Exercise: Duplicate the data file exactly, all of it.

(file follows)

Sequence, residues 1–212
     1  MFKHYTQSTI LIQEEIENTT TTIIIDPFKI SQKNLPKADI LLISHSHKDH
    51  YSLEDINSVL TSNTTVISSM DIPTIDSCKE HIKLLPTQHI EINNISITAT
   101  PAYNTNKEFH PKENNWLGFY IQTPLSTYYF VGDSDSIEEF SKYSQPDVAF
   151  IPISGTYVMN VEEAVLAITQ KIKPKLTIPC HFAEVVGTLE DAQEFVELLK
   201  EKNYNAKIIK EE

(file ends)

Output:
Sequence, residues 1–212
     1  MFKHYTQSTI LIQEEIENTT TTIIIDPFKI SQKNLPKADI LLISHSHKDH
    51  YSLEDINSVL TSNTTVISSM DIPTIDSCKE HIKLLPTQHI EINNISITAT
   101  PAYNTNKEFH PKENNWLGFY IQTPLSTYYF VGDSDSIEEF SKYSQPDVAF
   151  IPISGTYVMN VEEAVLAITQ KIKPKLTIPC HFAEVVGTLE DAQEFVELLK
   201  EKNYNAKIIK EE